A lack of rain combined with very high temperatures has resulted in a record lack of moisture in the French subsoil, with new lows being recorded daily since July, affecting all of the country’s regions, even those in the north and east. There have been more wildfires and there is increased government concern over the water supply. “It’s the worst drought in the country’s history,” says a government source.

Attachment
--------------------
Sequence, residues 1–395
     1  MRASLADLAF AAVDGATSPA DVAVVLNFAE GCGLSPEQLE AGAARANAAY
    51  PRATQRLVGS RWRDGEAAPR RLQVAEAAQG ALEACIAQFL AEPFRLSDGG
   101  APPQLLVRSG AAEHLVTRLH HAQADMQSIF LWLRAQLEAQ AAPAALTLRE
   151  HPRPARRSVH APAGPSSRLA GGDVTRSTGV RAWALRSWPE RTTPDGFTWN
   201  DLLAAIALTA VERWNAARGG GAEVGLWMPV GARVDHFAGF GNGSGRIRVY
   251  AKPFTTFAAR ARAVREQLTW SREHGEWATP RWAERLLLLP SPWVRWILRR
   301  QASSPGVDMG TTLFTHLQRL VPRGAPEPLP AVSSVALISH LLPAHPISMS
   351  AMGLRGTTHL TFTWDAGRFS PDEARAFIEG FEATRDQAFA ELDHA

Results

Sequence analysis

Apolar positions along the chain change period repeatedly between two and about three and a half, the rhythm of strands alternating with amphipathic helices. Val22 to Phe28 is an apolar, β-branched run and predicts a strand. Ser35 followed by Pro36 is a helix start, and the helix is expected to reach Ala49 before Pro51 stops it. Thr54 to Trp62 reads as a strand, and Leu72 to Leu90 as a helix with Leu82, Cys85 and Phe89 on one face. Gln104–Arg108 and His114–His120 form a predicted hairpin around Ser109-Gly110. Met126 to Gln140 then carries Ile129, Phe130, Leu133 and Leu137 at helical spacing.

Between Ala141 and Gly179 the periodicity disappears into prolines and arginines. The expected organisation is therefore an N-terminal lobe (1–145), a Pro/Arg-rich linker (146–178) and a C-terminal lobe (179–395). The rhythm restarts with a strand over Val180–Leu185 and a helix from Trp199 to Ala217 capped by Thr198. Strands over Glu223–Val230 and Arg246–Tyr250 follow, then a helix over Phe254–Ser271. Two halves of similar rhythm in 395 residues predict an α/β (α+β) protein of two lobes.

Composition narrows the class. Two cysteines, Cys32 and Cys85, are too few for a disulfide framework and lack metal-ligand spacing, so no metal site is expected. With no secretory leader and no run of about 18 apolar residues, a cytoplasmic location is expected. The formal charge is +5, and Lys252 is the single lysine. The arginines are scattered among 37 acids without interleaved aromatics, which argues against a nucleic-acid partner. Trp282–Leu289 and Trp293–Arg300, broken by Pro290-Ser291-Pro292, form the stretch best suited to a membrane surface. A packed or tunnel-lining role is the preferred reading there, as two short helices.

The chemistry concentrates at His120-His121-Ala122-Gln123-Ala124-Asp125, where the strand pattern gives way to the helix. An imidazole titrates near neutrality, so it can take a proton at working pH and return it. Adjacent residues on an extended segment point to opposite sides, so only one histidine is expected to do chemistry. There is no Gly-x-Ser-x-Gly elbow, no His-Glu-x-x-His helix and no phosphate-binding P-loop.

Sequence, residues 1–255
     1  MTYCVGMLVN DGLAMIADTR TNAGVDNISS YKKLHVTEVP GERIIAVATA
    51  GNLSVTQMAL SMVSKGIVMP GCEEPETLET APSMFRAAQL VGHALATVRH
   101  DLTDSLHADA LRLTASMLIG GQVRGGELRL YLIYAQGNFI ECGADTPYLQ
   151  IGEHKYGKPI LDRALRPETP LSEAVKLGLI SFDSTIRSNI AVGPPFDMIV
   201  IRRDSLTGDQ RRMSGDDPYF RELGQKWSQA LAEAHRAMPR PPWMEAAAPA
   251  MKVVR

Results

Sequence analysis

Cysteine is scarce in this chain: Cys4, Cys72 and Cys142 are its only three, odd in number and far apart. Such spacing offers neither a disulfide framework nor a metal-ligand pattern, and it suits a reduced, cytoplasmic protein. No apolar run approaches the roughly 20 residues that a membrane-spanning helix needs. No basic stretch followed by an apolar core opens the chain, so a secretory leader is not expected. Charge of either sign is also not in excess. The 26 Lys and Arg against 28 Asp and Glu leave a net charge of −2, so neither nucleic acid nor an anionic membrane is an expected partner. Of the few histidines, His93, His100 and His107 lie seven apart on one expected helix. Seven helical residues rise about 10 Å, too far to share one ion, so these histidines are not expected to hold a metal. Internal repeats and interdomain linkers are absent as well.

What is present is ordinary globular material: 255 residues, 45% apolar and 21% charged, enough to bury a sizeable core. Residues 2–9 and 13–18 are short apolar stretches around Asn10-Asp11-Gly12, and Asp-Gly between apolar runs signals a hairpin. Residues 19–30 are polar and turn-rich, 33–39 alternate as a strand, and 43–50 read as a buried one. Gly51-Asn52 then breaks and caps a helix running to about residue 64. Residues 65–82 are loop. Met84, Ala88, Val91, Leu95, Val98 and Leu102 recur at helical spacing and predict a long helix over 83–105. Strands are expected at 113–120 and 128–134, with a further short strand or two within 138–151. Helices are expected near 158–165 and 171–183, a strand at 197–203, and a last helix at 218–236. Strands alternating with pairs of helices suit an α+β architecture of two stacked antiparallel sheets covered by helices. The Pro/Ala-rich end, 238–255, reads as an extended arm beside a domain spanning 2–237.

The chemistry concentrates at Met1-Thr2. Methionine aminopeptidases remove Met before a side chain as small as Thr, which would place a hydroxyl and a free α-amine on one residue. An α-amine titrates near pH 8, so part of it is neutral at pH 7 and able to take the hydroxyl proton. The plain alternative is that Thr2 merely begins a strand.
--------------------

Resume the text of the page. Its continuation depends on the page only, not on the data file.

An emergency committee that has met daily since August, coordinated by the prime minister’s Chief of Staff, Élisabeth Borne, is made up of her counterparts from the Home Office, Ecological Transition, Agriculture, Transport, Health, Economy and Finance. And it meets weekly. The departmental prefects provide the data and decide whether restrictions should be applied. Currently, 93 regional departments out of 96 in mainland France are applying some kind of restriction, while around 70 prohibit the use of water for gardens or agricultural irrigation in certain areas. At the same time, a hundred municipalities have been receiving drinking water from trucks. The emergency committee “must measure the impact of the drought on energy production infrastructure and the agricultural sector, especially livestock” says its remit. Priorities must be established based on activity for agricultural use, aquatic leisure, tourism, biodiversity reserves and nuclear power plants. In relation to this latter aspect, a difficult balance is sought between the need to produce electricity and the limitations of cooling reactors by returning overheated water to rivers. In summer, the temperature in the Garonne Rover rose to 28 degrees and in the Rhone it exceeded 25. This forced the stoppage of one reactor in Garonne, and two reactors on the Rhone. Despite the onset of autumn, the French weather service is already anticipating that “forecasts hint that the situation could become even more worrying”.